Québec City and Hamilton have the minimum market conditions to support National Hockey League (NHL) franchises – which would bring the total number of Canadian cities that have or could support NHL teams to nine – according to The Conference Board of Canada’s 12th analysis of the professional sports market.
Ottawa, February 9, 2012 – Québec City and Hamilton have the minimum market conditions to support National Hockey League (NHL) franchises – which would bring the total number of Canadian cities that have or could support NHL teams to nine – according to The Conference Board of Canada’s 12th analysis of the professional sports market.
“Future Hockey Day in Canada celebrations could include up to four all-Canadian matchups if an eighth or even ninth city acquires an NHL franchise,” said Mario Lefebvre, Director, Centre for Municipal Studies. “However, nine has to be considered the upper limit.
“Let’s also be clear that Winnipeg, Hamilton and Québec City have less of a margin for error than teams in larger Canadian or U.S. cities. These franchises can be successful as long as they have dedicated owners who are invested for the long term, manage their business and markets carefully, and the Canadian dollar remains a strong currency.”
This briefing, How Many NHL Franchises Could Canada Sustain?, is 12th in the Conference Board’s series Playing in the Big Leagues. It assesses the NHL prospects for Canadian cities using league and franchise-specific factors, as well as the four market pillars required for a professional sport franchise, as developed in earlier briefing in this series.
- Population Size: Prior to the 2011-12 season, the six existing Canadian NHL franchises had more than one million people in their Census Metropolitan Area (CMA). The return of the Jets to Winnipeg brought a franchise into a CMA of about 750,000 people, which the Conference Board considers the minimum threshold for a viable NHL team. This population requirement makes Hamilton and Quebec City the only potential additional NHL markets in Canada, at least according to this pillar.
- Market Wealth: This pillar has grown in importance, given the rapid rise in ticket prices for professional sport events. In per capita income, Winnipeg ranked 14th among Canada`s 27 largest CMAs in 2010, Québec City ranked 10th in 2010 and Hamilton ranked 18th. While these three markets are far from the wealthiest in Canada, Hamilton’s per capita income surpassed that of Montréal. Moreover, Winnipeg and Quebec City ranked ahead of both Vancouver and Montreal in per capita income.
- Corporate Presence – In 2009, Quebec City was home to 17 of Canada’s 800 largest corporations and Hamilton had only 10. However, these numbers are similar to the corporate presence in Winnipeg (30 corporate head offices) Edmonton (26) and Ottawa (19). The Conference Board concludes that possessing relatively few head offices does not necessarily disqualify Québec City or Hamilton as potential markets - especially if corporate giants from nearby cities (such as Montreal in the case of Quebec City, or Toronto in the case of Hamilton) become involved in the franchise.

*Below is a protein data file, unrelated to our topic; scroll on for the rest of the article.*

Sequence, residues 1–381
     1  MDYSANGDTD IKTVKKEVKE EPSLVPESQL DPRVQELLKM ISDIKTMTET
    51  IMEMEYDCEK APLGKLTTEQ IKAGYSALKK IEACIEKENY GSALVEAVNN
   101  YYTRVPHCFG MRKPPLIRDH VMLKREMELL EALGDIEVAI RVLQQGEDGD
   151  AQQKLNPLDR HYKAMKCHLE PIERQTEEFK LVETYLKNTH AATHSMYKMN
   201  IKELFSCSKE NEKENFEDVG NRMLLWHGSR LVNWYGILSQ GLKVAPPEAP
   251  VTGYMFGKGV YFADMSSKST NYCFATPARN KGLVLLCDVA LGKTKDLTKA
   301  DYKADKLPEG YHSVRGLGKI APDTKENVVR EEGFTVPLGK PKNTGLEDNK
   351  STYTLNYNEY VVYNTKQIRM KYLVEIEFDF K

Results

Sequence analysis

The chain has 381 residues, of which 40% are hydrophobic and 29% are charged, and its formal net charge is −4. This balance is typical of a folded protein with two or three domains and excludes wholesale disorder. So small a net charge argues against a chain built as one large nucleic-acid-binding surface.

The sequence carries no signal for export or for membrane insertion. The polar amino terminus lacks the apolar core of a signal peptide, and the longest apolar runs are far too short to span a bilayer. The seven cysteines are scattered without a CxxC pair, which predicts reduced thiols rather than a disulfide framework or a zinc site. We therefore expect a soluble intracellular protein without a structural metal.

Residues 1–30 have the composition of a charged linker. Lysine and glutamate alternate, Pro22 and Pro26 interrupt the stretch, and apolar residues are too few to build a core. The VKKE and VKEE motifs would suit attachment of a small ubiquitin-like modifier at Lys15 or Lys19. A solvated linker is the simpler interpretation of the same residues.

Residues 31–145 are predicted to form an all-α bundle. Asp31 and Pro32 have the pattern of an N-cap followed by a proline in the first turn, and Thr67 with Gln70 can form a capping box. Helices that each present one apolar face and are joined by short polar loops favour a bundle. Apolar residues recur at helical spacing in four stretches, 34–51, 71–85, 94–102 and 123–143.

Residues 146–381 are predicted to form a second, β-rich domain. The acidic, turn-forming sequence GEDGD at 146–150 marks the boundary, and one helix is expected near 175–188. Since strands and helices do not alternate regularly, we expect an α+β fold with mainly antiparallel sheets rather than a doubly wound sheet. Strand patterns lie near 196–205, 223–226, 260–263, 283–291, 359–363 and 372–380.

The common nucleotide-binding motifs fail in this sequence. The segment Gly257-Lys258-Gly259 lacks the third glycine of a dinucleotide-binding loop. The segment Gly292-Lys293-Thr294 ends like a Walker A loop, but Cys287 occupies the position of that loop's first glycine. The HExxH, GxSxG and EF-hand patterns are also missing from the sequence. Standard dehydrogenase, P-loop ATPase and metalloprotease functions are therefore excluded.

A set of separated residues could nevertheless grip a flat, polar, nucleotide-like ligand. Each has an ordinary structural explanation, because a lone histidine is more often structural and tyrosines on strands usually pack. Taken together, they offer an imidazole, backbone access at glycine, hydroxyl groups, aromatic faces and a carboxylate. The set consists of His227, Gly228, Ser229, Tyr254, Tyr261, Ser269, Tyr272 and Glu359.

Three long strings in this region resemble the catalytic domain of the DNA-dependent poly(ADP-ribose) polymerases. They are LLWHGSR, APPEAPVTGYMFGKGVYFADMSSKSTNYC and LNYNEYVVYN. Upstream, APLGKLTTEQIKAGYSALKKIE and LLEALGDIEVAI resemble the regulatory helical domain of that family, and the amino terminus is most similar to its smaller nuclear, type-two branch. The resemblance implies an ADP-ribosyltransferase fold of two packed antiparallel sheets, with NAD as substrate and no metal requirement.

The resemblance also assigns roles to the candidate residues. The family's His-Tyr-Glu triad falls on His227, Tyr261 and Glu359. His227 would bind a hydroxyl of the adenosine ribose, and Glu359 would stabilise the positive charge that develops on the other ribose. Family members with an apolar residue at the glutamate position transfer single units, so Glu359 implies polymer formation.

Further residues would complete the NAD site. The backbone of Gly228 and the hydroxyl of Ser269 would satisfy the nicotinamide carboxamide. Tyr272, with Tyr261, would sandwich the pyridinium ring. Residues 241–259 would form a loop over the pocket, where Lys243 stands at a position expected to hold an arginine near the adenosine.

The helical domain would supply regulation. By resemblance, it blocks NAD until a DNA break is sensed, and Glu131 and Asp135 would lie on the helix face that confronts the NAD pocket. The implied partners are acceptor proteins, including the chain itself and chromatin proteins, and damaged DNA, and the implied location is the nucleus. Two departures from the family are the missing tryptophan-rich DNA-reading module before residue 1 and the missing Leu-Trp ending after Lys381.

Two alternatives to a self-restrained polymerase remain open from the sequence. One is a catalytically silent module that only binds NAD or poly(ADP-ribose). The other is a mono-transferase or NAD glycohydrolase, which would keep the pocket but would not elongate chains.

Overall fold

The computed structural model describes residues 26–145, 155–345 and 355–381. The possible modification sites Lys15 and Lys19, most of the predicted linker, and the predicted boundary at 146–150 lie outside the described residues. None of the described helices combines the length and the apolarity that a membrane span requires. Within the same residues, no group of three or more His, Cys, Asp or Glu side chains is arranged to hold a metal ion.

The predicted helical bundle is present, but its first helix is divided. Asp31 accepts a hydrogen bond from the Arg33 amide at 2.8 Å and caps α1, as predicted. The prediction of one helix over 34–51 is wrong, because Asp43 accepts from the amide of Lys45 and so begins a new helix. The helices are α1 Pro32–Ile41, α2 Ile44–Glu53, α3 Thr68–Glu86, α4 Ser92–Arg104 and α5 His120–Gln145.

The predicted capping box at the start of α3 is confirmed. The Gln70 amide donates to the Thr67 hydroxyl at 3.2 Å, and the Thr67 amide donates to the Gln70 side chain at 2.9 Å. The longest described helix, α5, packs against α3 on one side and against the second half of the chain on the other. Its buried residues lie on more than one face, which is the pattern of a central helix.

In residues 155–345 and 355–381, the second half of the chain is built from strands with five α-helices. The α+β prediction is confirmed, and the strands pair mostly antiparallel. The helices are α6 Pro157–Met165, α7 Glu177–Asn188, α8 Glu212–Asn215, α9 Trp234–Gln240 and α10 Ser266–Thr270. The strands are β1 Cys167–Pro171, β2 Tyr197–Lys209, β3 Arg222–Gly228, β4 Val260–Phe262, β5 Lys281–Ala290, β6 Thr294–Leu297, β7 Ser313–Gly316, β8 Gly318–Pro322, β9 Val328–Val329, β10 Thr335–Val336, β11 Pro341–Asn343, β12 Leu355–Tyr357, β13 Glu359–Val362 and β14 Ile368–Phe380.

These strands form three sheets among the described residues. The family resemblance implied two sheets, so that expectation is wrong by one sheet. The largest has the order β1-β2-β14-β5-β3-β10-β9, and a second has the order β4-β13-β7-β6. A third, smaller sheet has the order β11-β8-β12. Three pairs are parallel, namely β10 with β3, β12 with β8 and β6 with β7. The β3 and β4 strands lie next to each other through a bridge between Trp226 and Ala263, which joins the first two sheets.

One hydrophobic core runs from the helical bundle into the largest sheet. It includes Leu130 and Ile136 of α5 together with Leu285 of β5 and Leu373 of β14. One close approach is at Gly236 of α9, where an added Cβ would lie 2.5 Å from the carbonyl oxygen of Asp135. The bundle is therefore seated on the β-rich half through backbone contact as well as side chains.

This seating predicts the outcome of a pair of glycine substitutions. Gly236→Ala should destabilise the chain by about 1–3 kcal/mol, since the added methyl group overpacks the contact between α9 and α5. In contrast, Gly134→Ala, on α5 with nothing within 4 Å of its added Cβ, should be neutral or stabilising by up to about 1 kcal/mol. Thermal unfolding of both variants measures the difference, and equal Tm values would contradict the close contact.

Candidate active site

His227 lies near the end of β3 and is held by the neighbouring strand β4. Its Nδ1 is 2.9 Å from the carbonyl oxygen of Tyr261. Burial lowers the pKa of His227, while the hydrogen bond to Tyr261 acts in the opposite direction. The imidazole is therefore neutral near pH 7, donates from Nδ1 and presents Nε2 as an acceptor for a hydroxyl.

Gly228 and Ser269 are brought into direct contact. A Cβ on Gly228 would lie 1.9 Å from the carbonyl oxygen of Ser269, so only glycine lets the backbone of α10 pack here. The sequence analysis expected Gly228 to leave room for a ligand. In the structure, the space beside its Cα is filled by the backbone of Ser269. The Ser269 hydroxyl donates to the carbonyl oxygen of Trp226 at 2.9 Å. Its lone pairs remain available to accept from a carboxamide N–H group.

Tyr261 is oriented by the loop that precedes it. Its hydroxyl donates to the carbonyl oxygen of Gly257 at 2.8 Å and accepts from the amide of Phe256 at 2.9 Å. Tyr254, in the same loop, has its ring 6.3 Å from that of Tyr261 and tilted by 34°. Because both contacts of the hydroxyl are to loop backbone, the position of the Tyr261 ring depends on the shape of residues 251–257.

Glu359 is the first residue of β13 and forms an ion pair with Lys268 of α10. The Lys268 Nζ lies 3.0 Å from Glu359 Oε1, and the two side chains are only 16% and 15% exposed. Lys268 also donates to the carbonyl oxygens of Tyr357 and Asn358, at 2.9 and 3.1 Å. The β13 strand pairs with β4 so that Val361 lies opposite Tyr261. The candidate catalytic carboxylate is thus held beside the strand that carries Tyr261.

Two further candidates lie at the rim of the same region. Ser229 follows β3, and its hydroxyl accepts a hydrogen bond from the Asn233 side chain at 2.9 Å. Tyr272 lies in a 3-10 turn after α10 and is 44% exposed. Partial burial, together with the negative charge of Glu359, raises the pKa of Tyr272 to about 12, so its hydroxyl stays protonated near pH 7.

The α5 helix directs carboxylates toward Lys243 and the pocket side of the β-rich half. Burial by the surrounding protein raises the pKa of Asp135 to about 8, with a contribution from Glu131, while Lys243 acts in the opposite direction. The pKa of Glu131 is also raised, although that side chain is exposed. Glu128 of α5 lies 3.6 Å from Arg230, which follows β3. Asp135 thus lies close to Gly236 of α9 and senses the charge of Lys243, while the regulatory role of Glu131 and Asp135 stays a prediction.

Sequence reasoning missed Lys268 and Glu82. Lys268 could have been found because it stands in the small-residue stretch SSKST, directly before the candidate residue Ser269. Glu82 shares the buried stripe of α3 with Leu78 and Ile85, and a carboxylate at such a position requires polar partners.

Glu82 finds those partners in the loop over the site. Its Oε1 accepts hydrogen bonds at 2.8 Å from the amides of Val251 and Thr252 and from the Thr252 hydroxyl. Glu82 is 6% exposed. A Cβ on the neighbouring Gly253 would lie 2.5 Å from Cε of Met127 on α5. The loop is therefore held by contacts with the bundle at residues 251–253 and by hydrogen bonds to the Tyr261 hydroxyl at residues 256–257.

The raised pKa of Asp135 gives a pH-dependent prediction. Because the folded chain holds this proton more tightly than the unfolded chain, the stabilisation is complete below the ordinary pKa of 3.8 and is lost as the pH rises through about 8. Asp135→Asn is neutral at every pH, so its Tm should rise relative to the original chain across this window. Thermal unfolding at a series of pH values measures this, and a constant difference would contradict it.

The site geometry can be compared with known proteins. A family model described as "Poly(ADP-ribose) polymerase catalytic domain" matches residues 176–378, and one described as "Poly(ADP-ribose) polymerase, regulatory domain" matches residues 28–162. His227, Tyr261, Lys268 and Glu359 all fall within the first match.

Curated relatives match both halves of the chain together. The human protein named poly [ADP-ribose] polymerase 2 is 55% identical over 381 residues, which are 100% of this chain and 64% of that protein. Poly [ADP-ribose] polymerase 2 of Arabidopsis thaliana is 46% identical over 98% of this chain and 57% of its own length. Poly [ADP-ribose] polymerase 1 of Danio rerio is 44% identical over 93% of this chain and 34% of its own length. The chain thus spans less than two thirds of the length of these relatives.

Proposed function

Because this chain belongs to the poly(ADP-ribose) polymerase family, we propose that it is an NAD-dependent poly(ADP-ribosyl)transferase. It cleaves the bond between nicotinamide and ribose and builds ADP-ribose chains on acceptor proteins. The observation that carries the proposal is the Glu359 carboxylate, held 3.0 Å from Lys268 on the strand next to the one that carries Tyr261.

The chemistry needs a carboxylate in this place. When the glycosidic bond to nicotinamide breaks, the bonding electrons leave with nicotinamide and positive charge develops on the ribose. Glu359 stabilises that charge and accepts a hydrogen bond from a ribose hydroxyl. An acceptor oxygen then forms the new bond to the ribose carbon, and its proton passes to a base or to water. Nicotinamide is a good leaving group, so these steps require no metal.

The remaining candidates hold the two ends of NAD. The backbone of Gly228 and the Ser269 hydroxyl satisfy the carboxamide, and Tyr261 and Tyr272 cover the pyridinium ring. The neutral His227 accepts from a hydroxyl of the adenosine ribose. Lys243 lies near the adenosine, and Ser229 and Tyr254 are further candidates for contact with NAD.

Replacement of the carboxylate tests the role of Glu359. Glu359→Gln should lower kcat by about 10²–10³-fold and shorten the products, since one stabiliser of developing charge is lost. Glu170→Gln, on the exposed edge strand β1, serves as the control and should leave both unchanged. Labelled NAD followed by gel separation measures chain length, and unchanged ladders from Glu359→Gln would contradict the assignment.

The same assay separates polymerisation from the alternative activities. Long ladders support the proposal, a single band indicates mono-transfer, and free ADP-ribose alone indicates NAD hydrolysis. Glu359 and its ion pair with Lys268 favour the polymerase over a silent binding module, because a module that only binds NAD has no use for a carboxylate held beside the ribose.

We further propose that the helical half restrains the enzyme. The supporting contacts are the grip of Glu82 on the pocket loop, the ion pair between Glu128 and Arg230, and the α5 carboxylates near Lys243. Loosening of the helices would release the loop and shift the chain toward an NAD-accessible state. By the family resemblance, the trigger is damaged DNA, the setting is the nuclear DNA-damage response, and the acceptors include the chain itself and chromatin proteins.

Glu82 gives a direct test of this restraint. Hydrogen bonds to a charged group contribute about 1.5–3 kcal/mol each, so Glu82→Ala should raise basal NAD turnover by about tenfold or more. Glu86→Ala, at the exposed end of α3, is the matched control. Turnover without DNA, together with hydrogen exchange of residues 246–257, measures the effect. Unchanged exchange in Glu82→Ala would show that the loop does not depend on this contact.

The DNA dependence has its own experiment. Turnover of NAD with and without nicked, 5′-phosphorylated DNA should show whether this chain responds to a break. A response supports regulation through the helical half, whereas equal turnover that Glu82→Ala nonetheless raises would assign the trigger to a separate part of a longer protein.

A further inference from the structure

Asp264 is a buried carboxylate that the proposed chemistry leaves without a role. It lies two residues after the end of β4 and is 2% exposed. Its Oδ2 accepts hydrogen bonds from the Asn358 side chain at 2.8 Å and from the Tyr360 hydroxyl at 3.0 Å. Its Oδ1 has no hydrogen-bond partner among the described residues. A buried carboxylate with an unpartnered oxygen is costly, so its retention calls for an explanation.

- A Level Playing Field - The playing field has rarely been more level for Canadian franchises playing in North American professional sport leagues. The Canadian dollar is more or less at parity with the U.S. greenback and the Conference Board expects that the loonie will remain in this range for the foreseeable future. Federal and provincial governments have lowered tax rates in recent years, reducing the tax spread with the United States – welcome news for Canadian franchises.
League factors can also determine whether a franchise is viable. Smaller markets such as Winnipeg, Quebec City and Hamilton are particularly affected if franchises in larger cities can outspend them for players. However, the NHL is a much more welcoming circuit for smaller markets since the current salary cap took effect in 2005.
At the franchise-level, modern playing facilities are a key variable. Quebec City has a business plan for a new arena at an estimated cost of $400 million. Hamilton has an existing building that provides an initial home for an NHL franchise, but Copps Coliseum would likely need considerable renovation and upgrading to meet the evolving standard of professional arenas.
The Conference Board’s conclusion is therefore that Hamilton and Quebec City have to be viewed as the only two additional potential markets right now in Canada when it comes to supporting NHL teams. The prospect of additional teams in Canada’s largest cities has been circulated among sports business commentators, but the Conference Board does not view a second franchise as feasible in any of Vancouver, Montreal or Toronto. Risk of market saturation for both fans and corporate supporters, combined with territorial issues with existing teams, would be difficult hurdles for a second team in these cities to overcome. It should also be noted that any proposed Hamilton franchise would have to address the territorial claims of nearby NHL teams in Toronto and Buffalo.
In the next edition of the Playing in the Big Leagues series, the Conference Board will use the full analytical foundation it has developed over the past year to forecast what the Canadian professional sport scene could look like in 2030.